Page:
Radovan Karadzic has filed an interlocutory appeal against the decision of the Trial Chamber to grant him 300 hours to examine defense witnesses. The accused has indicated that in his case, set to begin on 16 October 2012, he will 'contest everything except the weather'.

Radovan Karadzic in the courtroomRadovan Karadzic in the courtroom

Former Republika Srpska president Radovan Karadzic has filed an interlocutory appeal against the Trial Chamber's decision to grant him 300 hours to examine his witnesses in the defense case, due to start next Tuesday.

Karadzic contends that the Trial Chamber erred when it didn't allot him sufficient time to refute more than 2, 300 adjudicated facts that the Trial Chamber has taken formal notice of in his case. Karadzic also holds that the time he used to cross-examine witnesses during the prosecution's case and 'repetitiveness' of the evidence that the Trial Chamber took into consideration while reaching the decision were irrelevant to decide about the time needed to call defense evidence. Comparing time available to the prosecution, 300 hours, with the time Karadzic used for cross-examination - more than 700 hours - is in Karadzic's view mixing up apples and oranges.

In his appellate brief Karadzic lists 32 adjudicated facts pertaining to the crimes of his subordinates in Sarajevo, Ilijas, Kljuc, Rogatica, Novoseoci, Vlasenica, Zvornik and Kozluk. Most of these facts have not been corroborated by evidence called during the prosecution's case, Karadzic argues in his brief. This is why Karadzic now wants to contest them through the evidence of the persons the facts pertain to and their associates. As Karadzic says, if these facts are not contested, they ‘may be considered as the truth’.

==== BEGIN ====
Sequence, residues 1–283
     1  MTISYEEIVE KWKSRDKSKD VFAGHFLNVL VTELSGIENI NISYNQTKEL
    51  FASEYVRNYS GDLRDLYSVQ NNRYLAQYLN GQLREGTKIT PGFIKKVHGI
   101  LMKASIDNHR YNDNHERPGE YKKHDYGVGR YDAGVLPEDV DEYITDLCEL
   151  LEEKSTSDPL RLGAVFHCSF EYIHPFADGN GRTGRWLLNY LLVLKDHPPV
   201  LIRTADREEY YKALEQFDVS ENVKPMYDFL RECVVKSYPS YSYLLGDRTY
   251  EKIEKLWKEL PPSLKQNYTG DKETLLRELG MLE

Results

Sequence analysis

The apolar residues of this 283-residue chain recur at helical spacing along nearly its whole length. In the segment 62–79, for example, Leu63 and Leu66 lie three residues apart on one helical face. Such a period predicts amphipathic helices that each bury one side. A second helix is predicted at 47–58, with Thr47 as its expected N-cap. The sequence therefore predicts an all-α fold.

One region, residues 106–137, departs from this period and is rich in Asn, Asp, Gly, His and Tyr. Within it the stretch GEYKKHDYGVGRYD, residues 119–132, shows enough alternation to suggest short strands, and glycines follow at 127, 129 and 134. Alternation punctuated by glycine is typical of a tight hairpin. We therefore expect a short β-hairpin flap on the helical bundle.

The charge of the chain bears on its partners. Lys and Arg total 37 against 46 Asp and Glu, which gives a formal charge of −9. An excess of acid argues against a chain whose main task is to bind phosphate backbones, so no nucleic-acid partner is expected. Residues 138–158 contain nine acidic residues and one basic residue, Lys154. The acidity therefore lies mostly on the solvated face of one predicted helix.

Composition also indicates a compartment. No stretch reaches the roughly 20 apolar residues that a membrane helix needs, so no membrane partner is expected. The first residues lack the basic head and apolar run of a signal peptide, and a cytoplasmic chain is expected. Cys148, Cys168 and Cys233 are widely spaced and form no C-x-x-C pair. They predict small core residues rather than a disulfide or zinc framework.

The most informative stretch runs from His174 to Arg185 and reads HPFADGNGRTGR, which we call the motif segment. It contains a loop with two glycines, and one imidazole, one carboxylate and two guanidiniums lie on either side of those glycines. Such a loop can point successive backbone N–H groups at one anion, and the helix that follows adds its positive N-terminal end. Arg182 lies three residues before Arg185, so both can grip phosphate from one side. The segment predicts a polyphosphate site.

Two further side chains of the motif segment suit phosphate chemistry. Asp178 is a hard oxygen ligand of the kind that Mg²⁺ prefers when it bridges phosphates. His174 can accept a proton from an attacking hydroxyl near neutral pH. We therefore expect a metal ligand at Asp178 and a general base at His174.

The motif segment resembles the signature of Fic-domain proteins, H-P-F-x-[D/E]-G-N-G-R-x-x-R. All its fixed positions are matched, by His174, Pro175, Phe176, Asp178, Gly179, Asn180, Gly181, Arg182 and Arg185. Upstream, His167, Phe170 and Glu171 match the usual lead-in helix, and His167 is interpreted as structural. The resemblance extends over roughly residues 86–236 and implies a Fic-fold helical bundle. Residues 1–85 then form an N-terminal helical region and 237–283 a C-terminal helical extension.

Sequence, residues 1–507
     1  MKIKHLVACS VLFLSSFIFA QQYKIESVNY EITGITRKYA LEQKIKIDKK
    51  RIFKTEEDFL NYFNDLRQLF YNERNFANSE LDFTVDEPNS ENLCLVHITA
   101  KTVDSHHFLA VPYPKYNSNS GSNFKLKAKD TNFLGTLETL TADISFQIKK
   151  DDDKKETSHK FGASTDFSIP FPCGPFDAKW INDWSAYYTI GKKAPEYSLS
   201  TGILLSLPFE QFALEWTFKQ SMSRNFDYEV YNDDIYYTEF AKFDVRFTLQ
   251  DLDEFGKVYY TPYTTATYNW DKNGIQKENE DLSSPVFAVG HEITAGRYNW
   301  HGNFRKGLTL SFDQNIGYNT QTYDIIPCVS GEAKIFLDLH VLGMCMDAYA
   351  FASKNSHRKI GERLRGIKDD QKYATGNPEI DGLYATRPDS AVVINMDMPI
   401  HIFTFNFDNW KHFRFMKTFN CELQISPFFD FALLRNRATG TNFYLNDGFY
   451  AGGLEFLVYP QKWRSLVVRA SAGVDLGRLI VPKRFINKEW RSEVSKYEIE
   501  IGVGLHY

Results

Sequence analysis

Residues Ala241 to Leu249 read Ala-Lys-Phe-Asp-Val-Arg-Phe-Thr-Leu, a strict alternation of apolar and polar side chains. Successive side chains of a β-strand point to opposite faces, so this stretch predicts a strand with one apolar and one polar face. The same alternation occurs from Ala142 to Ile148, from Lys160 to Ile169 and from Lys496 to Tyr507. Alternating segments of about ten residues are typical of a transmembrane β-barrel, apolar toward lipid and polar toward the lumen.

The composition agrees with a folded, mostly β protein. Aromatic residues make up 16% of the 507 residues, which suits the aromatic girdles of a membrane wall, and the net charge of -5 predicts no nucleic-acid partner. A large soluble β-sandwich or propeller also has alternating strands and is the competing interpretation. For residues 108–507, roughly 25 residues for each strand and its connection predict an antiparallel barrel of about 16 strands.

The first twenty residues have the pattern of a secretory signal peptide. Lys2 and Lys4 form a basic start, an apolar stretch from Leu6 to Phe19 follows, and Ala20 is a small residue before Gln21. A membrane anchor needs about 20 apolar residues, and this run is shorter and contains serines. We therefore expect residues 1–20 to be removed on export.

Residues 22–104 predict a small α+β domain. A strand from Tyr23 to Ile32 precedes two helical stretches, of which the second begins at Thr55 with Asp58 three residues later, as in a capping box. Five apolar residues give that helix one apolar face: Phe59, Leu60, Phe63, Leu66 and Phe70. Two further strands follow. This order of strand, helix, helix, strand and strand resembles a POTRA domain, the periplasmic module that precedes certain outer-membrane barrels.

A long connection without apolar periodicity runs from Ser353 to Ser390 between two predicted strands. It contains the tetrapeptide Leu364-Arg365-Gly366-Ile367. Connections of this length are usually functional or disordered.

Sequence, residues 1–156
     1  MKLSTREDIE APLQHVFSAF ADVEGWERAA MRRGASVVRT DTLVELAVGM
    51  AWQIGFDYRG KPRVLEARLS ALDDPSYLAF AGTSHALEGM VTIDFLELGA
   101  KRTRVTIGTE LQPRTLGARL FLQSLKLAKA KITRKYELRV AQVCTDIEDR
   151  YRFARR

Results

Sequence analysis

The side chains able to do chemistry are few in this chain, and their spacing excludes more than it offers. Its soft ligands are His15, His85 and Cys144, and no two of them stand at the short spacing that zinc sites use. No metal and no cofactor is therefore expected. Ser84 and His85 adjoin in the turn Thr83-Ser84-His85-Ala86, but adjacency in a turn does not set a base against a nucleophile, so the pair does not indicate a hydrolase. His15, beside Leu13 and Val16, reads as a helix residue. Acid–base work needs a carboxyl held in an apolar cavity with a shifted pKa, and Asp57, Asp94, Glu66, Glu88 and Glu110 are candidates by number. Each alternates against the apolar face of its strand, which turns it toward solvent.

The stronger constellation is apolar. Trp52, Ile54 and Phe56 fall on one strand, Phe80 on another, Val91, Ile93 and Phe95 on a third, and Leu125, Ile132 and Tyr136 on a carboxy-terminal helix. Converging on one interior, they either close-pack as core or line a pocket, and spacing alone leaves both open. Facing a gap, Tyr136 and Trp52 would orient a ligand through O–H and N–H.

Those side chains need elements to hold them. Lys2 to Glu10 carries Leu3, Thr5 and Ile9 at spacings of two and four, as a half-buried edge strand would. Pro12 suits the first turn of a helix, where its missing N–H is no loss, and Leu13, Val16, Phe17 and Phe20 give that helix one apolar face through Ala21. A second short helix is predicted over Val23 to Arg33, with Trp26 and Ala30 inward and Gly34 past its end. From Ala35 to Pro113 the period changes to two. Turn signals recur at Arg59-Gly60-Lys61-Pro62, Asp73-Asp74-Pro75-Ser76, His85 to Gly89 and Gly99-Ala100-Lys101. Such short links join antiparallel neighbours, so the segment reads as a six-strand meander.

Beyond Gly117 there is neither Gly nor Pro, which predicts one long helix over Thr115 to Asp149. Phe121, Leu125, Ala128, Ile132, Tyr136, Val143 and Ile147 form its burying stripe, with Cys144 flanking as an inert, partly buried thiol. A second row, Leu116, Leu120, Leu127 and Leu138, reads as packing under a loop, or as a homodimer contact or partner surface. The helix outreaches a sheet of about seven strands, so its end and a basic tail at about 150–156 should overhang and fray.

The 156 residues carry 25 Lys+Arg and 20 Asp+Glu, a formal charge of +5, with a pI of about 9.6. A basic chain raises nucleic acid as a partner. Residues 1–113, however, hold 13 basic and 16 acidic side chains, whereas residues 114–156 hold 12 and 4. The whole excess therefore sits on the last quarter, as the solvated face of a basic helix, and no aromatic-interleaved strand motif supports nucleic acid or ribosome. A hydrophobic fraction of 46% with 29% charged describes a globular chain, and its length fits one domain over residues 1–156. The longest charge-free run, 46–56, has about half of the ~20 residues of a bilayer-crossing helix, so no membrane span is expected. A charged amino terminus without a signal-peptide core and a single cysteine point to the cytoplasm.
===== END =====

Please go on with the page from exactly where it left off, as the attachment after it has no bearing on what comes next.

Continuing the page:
The adjudicated facts Karadzic lists in his appellate brief pertain to Stanislav Galic and Radisav Krstic, Marko Adamovic, VRS commander in Kljuc, Dragan Stojcic, police chief in Kljuc, Rajko Kusic, the commander of the Serb forces and a high ranking SDS official in Rogatica, Branko Grujic, president of the Zvornik Crisis Staff, Marko Pavlovic, the commander of the Serb Territorial Defense in Zvornik and others.

‘As the supreme military commander and civilian leader, Dr. Karadzic doesn’t have the luxury of trying to shift the blame for the crimes on other people, as so many of the accused have done before the Tribunal’, the accused notes in his appeal.

Karadzic asked for twice as much time as he had initially been given by the Trial Chamber for his case. In addition to the 300 hours he needs to examine about 570 witnesses he intends to call, Karadzic wants another 300 hours to refute the adjudicated facts from other trials.